Gas Prices: Is the Pain Real?

Photograph by Landov

Gas prices have jumped by 30¢ a gallon, to an average of $3.73, over the past month. Where I live, the increase seems even higher. It’s tough to get a gallon for less than $4, and filling up costs at least $50. I’ll admit that it hurts, and I don’t even drive much. (I have the good fortune of being able to take a train to work.)

President Obama and his would-be Republican rivals have all made gas prices a big part of their message, and some pundits are saying the cost of gas could derail the recovery. How much do gas prices really affect the economy? The short answer is: quite a bit, but probably not as much as we think.

To get a better sense of the real economic cost of rising gas prices, I called George Loewenstein and Russell Golman, behavioral economists at Carnegie Mellon University in Pittsburgh. They were gracious enough to take time out from their lunch of curried chicken salad (Golman) and mac-n-cheese (Loewenstein) to talk about why changes in gas prices seem so much more painful than rising costs of many other goods.

“People tend to respond to things in a comparative fashion,” Loewenstein tells me. “The salient comparison for gas prices is what they were in the recent past, not the real price compared historically.” Salient is economist-speak for “we notice it a lot.”  For most Americans, gas prices are really noticeable—they glare at us in three-foot-high letters on  suburban street corners. “What other prices do you see posted on billboards everywhere?” Golman asks. “Probably none.”

And think about the way we buy gas, with those pennies whipping by so fast. If we bought milk or hamburgers from a pump, as we do gas, we’d be a lot more aware of how much they cost. While gas prices are high, they’re not dramatically higher than at other historic peaks. We feel the difference more acutely.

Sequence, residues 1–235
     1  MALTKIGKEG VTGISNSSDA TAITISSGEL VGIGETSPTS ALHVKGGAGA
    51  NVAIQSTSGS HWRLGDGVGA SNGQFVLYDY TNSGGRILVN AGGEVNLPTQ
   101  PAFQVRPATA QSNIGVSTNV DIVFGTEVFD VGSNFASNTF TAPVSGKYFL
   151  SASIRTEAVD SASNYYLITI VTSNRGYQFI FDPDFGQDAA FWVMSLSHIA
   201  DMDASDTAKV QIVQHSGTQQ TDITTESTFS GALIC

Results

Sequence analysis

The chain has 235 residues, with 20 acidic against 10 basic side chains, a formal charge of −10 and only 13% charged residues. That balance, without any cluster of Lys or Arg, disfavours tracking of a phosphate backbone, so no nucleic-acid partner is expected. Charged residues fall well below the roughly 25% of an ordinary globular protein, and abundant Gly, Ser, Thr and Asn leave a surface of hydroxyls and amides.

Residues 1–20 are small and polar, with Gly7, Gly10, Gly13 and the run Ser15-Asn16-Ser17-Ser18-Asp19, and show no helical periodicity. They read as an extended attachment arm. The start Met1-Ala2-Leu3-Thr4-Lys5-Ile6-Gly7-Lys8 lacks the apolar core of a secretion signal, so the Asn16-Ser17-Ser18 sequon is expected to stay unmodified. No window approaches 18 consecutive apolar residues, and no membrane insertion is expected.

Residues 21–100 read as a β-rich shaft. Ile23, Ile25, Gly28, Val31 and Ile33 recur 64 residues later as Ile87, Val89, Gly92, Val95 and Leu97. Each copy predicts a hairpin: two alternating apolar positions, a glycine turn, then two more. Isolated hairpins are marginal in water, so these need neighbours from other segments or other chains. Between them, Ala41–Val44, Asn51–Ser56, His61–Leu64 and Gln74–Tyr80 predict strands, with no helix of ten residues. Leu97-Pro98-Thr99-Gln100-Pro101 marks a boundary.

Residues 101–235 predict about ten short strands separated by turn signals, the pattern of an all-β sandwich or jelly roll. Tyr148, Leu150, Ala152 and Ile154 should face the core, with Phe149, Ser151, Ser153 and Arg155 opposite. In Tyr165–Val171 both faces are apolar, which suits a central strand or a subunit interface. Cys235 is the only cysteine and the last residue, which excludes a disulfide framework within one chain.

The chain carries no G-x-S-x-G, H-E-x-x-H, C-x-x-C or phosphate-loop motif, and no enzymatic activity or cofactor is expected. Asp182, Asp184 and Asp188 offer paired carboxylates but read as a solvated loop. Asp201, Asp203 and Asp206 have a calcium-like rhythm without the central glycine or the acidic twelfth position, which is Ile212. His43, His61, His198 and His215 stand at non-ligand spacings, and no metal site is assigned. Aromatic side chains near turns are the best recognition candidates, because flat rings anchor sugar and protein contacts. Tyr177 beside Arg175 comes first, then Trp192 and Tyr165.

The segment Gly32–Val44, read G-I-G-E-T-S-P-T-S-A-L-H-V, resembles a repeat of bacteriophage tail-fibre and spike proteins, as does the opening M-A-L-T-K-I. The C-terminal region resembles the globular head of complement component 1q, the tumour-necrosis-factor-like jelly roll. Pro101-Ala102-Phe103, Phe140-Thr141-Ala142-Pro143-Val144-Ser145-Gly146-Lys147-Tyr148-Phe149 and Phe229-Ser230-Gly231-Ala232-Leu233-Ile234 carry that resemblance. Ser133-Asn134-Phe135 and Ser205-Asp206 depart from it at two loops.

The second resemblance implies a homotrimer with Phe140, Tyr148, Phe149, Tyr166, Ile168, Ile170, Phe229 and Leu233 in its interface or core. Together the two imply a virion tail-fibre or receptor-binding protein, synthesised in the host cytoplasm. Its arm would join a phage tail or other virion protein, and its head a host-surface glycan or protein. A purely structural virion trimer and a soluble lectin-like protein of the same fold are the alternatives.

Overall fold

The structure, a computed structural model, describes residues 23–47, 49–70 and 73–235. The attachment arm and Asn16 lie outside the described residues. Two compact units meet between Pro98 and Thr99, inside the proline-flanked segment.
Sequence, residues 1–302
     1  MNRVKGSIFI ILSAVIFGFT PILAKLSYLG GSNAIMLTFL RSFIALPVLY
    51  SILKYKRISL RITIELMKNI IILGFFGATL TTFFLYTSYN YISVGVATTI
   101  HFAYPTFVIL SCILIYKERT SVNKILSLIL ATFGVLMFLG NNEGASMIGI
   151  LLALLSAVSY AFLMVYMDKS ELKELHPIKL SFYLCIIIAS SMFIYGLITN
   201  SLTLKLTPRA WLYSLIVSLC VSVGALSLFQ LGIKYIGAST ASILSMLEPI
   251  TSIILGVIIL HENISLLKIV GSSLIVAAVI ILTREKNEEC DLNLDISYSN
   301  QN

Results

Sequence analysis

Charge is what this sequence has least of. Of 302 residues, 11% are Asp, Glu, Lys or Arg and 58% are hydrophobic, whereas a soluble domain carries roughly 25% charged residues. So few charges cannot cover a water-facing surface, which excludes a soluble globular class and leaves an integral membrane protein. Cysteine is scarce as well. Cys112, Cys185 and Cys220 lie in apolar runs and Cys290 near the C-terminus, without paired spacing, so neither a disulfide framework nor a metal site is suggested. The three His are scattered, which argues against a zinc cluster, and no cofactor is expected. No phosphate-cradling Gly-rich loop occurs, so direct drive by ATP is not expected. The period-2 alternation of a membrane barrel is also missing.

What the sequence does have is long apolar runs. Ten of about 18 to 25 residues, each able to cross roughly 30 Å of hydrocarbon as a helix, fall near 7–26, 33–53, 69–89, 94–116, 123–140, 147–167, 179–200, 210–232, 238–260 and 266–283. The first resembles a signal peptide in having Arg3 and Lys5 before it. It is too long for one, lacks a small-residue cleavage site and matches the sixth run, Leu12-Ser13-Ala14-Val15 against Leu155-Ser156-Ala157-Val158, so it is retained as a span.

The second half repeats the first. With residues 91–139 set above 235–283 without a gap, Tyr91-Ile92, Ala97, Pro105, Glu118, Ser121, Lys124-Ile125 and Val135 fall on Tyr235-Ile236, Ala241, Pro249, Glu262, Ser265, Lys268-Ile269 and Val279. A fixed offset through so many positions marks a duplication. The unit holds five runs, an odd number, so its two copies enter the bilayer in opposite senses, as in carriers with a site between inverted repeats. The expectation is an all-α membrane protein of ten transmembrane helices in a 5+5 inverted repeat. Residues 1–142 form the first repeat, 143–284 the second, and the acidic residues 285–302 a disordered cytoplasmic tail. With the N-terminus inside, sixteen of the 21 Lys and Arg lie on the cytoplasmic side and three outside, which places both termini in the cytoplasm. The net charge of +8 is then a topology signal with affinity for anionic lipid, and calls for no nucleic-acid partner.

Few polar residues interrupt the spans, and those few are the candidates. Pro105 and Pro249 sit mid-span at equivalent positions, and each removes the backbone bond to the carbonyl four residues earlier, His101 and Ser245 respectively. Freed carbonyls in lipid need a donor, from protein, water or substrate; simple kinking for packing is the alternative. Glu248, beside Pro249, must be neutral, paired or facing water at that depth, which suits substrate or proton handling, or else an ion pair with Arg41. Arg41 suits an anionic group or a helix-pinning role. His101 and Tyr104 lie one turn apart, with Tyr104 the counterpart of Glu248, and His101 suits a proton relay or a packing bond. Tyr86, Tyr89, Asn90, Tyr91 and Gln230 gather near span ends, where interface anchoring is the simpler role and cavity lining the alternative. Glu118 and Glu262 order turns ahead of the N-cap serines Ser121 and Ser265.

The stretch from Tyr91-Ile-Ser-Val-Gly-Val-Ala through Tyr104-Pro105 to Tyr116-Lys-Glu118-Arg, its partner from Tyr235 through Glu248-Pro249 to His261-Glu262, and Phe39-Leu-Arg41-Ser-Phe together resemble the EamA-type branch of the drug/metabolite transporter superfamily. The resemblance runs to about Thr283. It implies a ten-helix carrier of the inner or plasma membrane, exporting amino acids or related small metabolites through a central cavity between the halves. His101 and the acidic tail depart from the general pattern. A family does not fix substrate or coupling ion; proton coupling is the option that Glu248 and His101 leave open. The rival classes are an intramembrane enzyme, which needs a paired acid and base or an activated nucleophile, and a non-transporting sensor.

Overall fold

With a gallon quite possibly headed over $4 in the next few weeks, the increase just might spur many of us to put off driving to Florida for spring break. But come summer, if prices stay around $4 and don’t, say, rise to $5, most of us will become numb to the pain of $4-a-gallon gas and pack up the SUV for that trip to the Cape. “People get used to what things cost,” Loewenstein says. “If prices don’t rise, they’ll recede from people’s consciousness.”

At the same time, the economists tell me, many drivers don’t have a full understanding of the long-term cost of gas, just as they don’t really know how much they’re spending on cigarettes or Starbucks. While more car buyers take gas mileage into consideration these days, few focus on how much they’ll end up spending on gas every year. “People don’t really think about how many gallons of gas they’re paying for over the life of the car,” Golman says.

So what is the economic effect of higher gas prices? “Most of the driving people do is not discretionary,” Loewenstein says. “They can’t cut back.” For families living from paycheck to paycheck, gas money has to come out of other spending. “The economic impact is substantial because gas is a fairly big part of people’s budgets. Lower-income people especially are getting squeezed pretty horribly.”

Just how much? A recent Credit Suisse report says each penny increase in gas prices takes $1 billion out of the economy over the course of a year. So a 50¢ jump would mean $50 billion that’s not spent on other stuff. “If gas prices go up and people have to commute and can’t cut back, they have two choices—take on debt or cut back on something else,” Loewenstein says. Still, U.S. consumer spending last year was about $10.7 trillion. While $50 billion isn’t chump change, it’s not going to have a huge effect on the economy.

Longer-term, higher gas prices might even be a good thing, both economists tell me. If you get sticker shock every time you fill up, you’re more likely to swap the Highlander for a plug-in Prius or ditch the four-wheeled commute altogether. “There used to be a certain type of person who commutes by bike,” says Loewenstein, who gets to work via pedal power. In the past year, he says, “the range of people who are on two wheels has expanded considerably.” If enough people make similar changes, getting around by bike, train, bus, or their Nikes, it could cut our reliance on foreign fossil fuels and reduce global warming—all good things for society as a whole.

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